Commissioners and executive
Professor Hugh Durrant-Whyte
HonFIEAus, FIEEE, FAA, FREng, FRS
Professor Hugh Durrant-Whyte was appointed to the role of Commissioner of the Natural Resources Commission in June 2020. Hugh is an internationally recognised scientist and a world authority on artificial intelligence and robotics. In addition to his present role as Commissioner, he is also the current NSW Chief Scientist and Engineer, and has been in that role for two years providing independent science advice in support of policy delivery. This advice spans all government from water and resources, to energy and transport. Before this, he was the Chief Scientific Advisor, UK Ministry of Defence. Hugh has extensive experience leading organisations, providing independent scientific and strategic advice and liaising with industry and academia and is regarded as a world authority on machine learning and robotics. This work has had a transformational impact in large scale field robotics both locally and internationally in autonomous robot navigation and in large-scale intelligent systems with world-first commercial applications in areas such as automated cargo handling, autonomous mining, unmanned air, ground and subsea systems. Hugh is a Fellow of the Royal Society of London, the Royal Academy of Engineering and the Australian Academy of Sciences and recipient of numerous awards including MA Sargent Medal, Institute of Engineers Australia and the NSW Scientist of the Year. Hugh has also been Director of the Centre for Translational Data Science at the University of Sydney, Chair of the NSW Government’s Innovation and Productivity Council and head of National IT Australia.
Dr Neil Byron
BSc (Hons), MA (Econ), PhD, FAICD
Neil has over 35 years of experience in advising governments in Australia and overseas on environmental management and natural resource management. As Productivity Commissioner, he conducted over 25 national inquiries related to the environment, agriculture and natural resource management. Neil chaired an independent review of Biodiversity Legislation in NSW. He has advised more than 20 governments in Asia, the Pacific, Africa and Latin America on effectively integrating rural development with better environmental and social outcomes. He is an Honorary Professor at the Institute of Applied Sciences, University of Canberra, and at the Crawford School of Economics and Government, Australian National University. Neil is also an active private pilot and member of the Cowra Aero Club.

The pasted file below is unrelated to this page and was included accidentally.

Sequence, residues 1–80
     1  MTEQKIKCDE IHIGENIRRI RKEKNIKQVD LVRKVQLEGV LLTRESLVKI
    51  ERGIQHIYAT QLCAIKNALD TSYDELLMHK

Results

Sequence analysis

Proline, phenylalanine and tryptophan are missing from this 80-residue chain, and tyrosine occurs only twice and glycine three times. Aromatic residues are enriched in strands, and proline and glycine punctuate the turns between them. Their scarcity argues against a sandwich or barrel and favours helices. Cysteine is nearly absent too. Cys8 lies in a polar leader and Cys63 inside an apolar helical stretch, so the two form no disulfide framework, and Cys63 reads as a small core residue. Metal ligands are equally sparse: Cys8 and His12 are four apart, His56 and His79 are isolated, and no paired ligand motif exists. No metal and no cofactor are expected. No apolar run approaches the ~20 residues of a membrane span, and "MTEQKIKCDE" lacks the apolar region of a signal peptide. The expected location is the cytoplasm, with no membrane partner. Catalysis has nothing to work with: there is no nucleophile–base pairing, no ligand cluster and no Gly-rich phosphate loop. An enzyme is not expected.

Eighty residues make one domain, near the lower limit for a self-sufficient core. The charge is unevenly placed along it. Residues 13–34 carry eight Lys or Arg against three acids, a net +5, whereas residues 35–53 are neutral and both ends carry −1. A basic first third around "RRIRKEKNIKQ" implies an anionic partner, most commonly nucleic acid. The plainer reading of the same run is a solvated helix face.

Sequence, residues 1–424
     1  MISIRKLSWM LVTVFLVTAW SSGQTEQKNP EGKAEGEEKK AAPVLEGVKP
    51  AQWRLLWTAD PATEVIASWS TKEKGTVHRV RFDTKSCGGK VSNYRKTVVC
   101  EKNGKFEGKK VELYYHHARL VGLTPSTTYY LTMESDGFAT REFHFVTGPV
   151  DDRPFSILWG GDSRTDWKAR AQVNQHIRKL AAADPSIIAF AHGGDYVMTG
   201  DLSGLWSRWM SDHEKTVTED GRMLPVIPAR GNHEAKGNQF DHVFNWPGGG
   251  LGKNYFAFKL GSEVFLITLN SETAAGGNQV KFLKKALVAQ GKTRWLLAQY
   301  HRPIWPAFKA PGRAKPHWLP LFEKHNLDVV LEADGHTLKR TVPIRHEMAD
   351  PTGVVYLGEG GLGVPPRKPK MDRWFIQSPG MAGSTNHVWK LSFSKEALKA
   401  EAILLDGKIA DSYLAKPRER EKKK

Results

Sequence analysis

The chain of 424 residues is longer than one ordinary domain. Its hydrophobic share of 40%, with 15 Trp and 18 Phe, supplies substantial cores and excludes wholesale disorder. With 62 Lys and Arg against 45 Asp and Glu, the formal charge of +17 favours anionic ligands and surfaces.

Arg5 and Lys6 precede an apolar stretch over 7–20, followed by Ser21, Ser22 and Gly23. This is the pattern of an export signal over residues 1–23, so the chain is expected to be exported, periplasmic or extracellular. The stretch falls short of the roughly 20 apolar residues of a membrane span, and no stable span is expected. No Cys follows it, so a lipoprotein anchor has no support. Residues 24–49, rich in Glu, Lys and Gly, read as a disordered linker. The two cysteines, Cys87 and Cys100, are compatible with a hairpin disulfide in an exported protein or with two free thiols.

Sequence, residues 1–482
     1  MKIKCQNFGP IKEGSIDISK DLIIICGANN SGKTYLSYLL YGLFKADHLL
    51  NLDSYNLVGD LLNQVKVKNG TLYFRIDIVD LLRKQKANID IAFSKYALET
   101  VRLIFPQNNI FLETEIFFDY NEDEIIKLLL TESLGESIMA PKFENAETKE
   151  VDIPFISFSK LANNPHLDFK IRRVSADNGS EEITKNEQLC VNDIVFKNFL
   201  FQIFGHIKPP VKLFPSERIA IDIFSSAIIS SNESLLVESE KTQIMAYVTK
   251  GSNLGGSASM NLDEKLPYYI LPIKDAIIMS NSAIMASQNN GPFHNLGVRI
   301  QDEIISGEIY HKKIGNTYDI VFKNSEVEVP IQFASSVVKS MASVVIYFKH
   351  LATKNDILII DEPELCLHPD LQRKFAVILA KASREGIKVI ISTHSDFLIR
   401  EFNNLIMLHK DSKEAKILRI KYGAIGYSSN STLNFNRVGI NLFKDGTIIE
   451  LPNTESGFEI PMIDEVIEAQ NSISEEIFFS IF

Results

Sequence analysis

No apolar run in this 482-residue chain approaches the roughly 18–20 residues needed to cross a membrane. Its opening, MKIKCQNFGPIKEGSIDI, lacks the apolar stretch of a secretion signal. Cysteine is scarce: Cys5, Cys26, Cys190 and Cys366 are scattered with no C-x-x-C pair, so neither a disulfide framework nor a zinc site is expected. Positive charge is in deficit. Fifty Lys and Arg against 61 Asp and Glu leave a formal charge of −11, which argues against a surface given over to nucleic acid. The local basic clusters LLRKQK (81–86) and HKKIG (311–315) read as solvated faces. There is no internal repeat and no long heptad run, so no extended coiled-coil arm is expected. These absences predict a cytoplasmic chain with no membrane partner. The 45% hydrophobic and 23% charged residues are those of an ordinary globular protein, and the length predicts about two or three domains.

BSc, MPP, FAICD
Peter is also a Commissioner of the Independent Planning Commission of NSW since 2017. He was appointed to co-chair the Commonwealth Marine Reserves Review that re-examined zoning of 40 marine reserves proclaimed by the Australian Government. Peter also chairs the National Environmental Science Program’s Marine Biodiversity Hub Steering Committee, chairs the board of Sydney Institute of Marine Science, chairs the Australian Tropical Herbarium Board, and is a member of the National Marine Facility’s National Benefit Assessment Panel. He has been a Council and Bureau Member of the International Union for Conservation of Nature since 2016. As Director of National Parks and CEO of Parks Australia, Peter oversaw the management and administration of 66 Commonwealth reserves. He was a member of the Commonwealth Environmental Water Holder Review Panel, and a panel member for the review of Geoscience Australia’s Marine Science Program.
Bryce started his career working in the private sector as a researcher, facilitator and later as a management consultant of his own business. He has over 20 years experience working in the NSW Government, with the last 13 years at the Natural Resources Commission. For the past seven years, Bryce has been Executive Director leading the Commission’s team to provide robust evidence based advice and thought leadership across diverse areas, including catchment management, forestry, biodiversity conservation, water planning and biosecurity. Prior to joining the Commission, Bryce was a senior manager at the Department of Juvenile Justice, primarily in learning and development.